In 1988 my church aided (that’s an understatement) the resettlement of twenty-four Ukrainian Pentecostal refugees. For me it was part of the experience of a lifetime: I had my first contact with the Soviets on a commercial level the previous year, and visited Moscow and what was then Leningrad in April. Getting to know the Ukrainians was both educational and heart-warming. After years of reading and hearing about the persecuted church, to actually get to know people who had experienced it was not to be missed.
What we found was a people who had been through a lot but were a lot more fun than we expected. What they went through depended upon the generation. The older people had it very hard, quite a few of them had done hard time in Siberia or ended up in “orphanages” because their parents were in prison. The younger people had had it easier: the Khrushchev and Brezhnev years saw the easing of persecution, but they were still barred from higher education unless they became communists (on the outside at least, there were many opportunists in those days) and joined the Young Pioneers. Most did not, but they had no problem participating in the “underground” economy, which came as a surprise for law-obsessed Americans. Life was not bad but they left because they never knew what would come next.
It’s fair to say that, from an activity standpoint, American Evangelicals have two “pillars”: stewardship and evangelism. The Ukrainians were innocent of both. I discussed in my piece Losing the Church Property, or Why the Romanians Don’t Tithe the reasons why Christians in countries like the Soviet Union and communist Romania did not practice stewardship as we have understood it. It seemed strange that something like evangelism, which has such strong support in the New Testament, wasn’t on their agenda, or at least not on their agenda in the way we thought it should be.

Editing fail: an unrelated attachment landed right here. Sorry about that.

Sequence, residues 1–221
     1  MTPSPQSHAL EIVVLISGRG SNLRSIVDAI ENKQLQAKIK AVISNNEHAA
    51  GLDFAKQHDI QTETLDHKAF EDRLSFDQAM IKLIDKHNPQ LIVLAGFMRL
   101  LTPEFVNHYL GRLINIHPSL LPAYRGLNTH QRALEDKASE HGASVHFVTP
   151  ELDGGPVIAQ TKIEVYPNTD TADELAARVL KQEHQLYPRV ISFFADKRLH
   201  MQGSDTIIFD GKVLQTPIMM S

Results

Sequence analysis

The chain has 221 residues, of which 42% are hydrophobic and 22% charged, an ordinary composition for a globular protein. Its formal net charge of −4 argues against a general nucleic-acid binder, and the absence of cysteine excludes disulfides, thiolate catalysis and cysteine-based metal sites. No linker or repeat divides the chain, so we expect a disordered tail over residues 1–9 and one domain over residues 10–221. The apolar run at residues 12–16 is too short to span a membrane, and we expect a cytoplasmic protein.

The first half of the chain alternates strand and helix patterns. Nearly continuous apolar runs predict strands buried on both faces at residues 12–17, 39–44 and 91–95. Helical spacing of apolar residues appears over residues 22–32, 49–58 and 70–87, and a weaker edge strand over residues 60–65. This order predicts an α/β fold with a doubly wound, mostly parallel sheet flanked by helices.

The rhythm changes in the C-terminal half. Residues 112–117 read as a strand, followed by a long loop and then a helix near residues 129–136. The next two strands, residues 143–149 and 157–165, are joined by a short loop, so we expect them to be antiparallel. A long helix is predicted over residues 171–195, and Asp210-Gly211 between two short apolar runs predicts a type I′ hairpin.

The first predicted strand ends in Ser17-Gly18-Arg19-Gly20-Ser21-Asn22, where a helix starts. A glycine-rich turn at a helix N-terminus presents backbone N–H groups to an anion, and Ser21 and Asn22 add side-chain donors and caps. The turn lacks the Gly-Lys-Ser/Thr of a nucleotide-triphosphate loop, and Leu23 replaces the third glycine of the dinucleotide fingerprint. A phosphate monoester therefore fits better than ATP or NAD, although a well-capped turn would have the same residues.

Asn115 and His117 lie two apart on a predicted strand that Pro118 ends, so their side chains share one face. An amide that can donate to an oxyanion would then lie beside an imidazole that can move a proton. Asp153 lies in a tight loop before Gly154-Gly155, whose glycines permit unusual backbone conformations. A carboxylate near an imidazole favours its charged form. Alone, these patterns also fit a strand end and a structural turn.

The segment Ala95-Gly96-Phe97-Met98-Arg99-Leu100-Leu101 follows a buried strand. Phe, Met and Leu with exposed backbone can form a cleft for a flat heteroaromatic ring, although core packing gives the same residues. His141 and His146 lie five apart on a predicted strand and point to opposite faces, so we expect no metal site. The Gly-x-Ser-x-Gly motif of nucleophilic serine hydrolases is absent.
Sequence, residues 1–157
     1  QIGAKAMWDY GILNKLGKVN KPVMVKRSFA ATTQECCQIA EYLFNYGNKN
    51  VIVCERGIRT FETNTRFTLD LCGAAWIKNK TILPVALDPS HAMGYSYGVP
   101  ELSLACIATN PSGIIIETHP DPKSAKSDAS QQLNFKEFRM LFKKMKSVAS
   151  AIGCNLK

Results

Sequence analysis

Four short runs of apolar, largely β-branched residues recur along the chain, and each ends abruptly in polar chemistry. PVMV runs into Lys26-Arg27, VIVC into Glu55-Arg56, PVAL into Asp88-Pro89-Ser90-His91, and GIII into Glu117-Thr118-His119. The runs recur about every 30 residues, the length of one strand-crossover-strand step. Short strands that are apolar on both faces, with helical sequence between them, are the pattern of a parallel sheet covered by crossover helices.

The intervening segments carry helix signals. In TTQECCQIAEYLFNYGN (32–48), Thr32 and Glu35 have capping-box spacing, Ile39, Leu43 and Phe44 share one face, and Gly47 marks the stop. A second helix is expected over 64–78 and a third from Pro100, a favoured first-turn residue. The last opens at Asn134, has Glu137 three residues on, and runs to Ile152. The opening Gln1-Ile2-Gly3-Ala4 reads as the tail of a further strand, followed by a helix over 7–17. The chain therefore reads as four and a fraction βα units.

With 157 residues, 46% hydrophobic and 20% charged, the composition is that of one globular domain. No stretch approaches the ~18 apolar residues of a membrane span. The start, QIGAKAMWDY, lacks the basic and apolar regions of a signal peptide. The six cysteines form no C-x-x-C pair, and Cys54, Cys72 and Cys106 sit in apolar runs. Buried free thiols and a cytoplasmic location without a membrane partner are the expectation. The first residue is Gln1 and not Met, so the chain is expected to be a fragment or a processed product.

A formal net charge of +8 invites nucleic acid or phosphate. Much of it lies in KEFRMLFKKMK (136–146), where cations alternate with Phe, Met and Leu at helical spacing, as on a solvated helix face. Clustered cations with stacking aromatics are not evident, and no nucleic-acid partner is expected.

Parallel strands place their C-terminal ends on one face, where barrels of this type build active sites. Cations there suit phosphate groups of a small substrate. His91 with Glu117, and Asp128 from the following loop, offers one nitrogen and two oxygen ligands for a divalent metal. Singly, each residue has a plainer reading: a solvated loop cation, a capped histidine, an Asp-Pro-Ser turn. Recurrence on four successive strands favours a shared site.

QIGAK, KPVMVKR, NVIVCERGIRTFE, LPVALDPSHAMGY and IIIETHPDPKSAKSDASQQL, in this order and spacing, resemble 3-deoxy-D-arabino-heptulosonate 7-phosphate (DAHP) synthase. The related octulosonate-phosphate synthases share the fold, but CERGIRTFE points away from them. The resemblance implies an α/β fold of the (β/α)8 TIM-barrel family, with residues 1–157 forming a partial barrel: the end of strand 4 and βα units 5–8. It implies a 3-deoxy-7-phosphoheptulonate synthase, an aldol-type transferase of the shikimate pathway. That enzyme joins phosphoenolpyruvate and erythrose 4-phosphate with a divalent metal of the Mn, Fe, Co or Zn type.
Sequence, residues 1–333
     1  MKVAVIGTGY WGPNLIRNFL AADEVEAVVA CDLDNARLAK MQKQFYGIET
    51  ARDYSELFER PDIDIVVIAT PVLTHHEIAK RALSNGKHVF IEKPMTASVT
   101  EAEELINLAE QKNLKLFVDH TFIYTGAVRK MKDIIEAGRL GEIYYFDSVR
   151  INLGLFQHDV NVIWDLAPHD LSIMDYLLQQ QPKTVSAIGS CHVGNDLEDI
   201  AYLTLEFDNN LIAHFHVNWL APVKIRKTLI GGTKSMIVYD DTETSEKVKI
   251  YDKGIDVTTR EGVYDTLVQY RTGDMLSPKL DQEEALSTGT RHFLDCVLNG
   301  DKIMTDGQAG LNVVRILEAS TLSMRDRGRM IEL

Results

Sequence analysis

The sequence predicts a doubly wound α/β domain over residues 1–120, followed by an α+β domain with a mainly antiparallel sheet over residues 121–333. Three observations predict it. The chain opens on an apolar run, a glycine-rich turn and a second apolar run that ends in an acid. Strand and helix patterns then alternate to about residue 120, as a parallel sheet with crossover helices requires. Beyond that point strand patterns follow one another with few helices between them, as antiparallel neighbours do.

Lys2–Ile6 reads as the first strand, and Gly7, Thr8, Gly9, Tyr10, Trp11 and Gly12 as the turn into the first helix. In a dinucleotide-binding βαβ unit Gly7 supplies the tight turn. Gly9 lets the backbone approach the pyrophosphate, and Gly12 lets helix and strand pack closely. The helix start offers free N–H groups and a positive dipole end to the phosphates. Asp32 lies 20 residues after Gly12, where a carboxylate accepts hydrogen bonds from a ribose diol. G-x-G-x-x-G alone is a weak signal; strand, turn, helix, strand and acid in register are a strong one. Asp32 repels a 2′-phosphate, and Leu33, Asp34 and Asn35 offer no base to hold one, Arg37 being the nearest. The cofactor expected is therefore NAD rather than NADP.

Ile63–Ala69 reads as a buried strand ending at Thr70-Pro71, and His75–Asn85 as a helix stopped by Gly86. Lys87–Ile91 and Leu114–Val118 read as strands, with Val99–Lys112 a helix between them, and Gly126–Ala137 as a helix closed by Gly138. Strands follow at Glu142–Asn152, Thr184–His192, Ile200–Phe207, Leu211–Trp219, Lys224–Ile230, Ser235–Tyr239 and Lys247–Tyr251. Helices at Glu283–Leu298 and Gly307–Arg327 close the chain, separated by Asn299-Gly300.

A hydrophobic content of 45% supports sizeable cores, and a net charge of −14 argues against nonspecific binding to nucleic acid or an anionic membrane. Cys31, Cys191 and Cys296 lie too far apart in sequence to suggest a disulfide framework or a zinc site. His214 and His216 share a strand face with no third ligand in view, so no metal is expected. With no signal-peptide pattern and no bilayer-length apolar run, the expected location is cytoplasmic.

But it wasn’t strange. Christianity, certainly the way they practiced it in underground, unofficial churches, was illegal in the Soviet Union. In the later years the police turned a blind eye to what they were doing (they were unable to do that with the way they drove their cars) but the spectre of being shut down was there all the same. They had to be guarded in what they said and to whom they said it. They were marked people, and in some ways that was their evangelistic technique. But their house churches were free from state control (which is more than the Russian Orthodox Church could and can manage) and enough people were either born or converted to get church growth even in the circumstances they were in.
Today we’re told by people like Tim Keller that we need to be “winsome” to evangelise those around us. Stepping away from the class problem, for our Ukrainian friends, it was simpler: the state was against them, they had to fly under the radar. In this country (and how this works out depends upon what part you’re in) we live in the anarchists’ dream, one I described in my piece Why the Spanish Civil War is Still Important:
To these a great new truth seem to have been proclaimed. The State, being based upon ideas of obedience and authority, was morally evil. In its place, there should be self-governing bodies–municipalities, professions, or other societies–which would make voluntary pacts with each other. Criminals would be punished by the censure of public opinion.
Today we have the same type of enforcers, using public opinion as a backstop, intimidating the rest of us. How this will translate into legal force remains to be seen, although as they rise in the system it is inevitable. (It’s hard to make a clean distinction between the two, in the Soviet system snitches and public opinion could be brought to bear as well.) Those who simply live the commands of Our Lord will be subject to disadvantages, just as their Ukrainian counterparts were.
How people like Keller–to say nothing of those who teach more conventional soulwinning–plan to deal with this problem is hard to say at this point. Widespread evangelism, like revival, requires a fairly open society, and that’s what’s slipping away these days. It’s certainly not the end of the spread of the Gospel, as the Chinese and Iranians know all too well. But it’s a game changer for everyone.